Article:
Imperial College London

Professor Tony Cass

Faculty of Natural SciencesDepartment of Chemistry

Professor of Chemistry
 
 
 
//

Contact

 

+44 (0)20 7594 5195t.cass

 
 
//

Location

 

301KMolecular Sciences Research HubWhite City Campus

//

Summary

 

Publications

Citation

BibTex format

@article{Sharma:2017:10.1016/bs.mie.2017.02.002,
author = {Sharma, S and Cass, AEG},
doi = {10.1016/bs.mie.2017.02.002},
journal = {Methods in Enzymology},
pages = {414--426},
title = {Microneedle Enzyme Sensor Arrays for Continuous In Vivo Monitoring},
url = {http://dx.doi.org/10.1016/bs.mie.2017.02.002},
year = {2017}
}

RIS format (EndNote, RefMan)

TY  - JOUR
AB - Microneedle enzyme sensors by virtue of their minimally invasive and hence pain-free penetration of skin allow for the measurement of metabolites, biomarkers, and drugs in the interstitial fluid that bathes the dermal tissue. Such devices if they are to be adopted widely into clinical practice need to be capable of delivering reliable measurements over extended periods of time (days) and to be fabricated by low-cost, scalable methods. Using injection molding of the base structures in polycarbonate, metal film deposition by sputtering and enzyme immobilization by electrodeposition can meet these requirements. The workflow to produce devices for clinical evaluation is then completed by sterilization and packaging. In vitro evaluation of the sensors' response to varying analyte concentrations and their mechanical testing establish performance and safety characteristics. While most of the work is focused on glucose sensing, reflecting the significance of the global diabetes "epidemic," the microneedles can also be used to measure lactate (another metabolite) and theophylline (a therapeutic drug).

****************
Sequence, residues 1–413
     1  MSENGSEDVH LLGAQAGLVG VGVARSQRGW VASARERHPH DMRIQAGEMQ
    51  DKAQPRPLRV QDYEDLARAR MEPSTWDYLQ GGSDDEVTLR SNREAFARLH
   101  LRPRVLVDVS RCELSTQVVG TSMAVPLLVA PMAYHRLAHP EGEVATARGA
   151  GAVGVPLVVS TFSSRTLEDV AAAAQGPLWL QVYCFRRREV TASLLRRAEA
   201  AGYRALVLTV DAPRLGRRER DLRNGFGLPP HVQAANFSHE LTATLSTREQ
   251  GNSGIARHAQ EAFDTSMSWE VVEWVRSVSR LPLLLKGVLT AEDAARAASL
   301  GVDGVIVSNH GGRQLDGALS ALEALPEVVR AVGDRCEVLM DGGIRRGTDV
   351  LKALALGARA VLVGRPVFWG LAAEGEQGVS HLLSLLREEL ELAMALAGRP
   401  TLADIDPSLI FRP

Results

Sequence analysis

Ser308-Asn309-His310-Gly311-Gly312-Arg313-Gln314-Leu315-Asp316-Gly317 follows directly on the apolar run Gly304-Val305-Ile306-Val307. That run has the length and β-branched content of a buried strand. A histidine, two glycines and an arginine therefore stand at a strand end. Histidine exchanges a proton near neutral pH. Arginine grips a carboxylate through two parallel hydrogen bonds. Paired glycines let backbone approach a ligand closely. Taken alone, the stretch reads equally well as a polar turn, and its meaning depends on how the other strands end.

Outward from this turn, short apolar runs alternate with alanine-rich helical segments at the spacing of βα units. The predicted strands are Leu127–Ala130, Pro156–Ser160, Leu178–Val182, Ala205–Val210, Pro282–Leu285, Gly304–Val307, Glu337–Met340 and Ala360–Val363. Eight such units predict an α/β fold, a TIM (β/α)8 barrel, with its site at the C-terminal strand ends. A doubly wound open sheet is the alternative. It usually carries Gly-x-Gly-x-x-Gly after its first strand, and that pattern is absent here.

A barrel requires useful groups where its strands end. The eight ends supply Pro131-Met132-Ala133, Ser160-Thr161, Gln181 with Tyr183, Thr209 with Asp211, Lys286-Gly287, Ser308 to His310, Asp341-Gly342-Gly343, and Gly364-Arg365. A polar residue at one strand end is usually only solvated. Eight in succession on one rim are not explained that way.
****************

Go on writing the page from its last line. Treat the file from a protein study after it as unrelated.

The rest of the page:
AU - Sharma,S
AU - Cass,AEG
DO - 10.1016/bs.mie.2017.02.002
EP - 426
PY - 2017///
SN - 0076-6879
SP - 414
TI - Microneedle Enzyme Sensor Arrays for Continuous In Vivo Monitoring
T2 - Methods in Enzymology
UR - http://dx.doi.org/10.1016/bs.mie.2017.02.002
ER -